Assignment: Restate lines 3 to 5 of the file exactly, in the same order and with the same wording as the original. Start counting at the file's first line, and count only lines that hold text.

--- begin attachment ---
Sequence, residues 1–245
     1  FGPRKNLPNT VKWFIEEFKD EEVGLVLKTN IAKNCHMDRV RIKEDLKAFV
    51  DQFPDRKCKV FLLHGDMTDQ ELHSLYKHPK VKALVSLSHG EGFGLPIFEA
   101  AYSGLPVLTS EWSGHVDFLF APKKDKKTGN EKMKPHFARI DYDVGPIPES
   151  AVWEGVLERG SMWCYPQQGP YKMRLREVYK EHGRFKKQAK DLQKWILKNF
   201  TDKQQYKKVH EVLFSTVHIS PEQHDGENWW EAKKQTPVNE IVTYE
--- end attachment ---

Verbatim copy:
    51  DQFPDRKCKV FLLHGDMTDQ ELHSLYKHPK VKALVSLSHG EGFGLPIFEA
   101  AYSGLPVLTS EWSGHVDFLF APKKDKKTGN EKMKPHFARI DYDVGPIPES
   151  AVWEGVLERG SMWCYPQQGP YKMRLREVYK EHGRFKKQAK DLQKWILKNF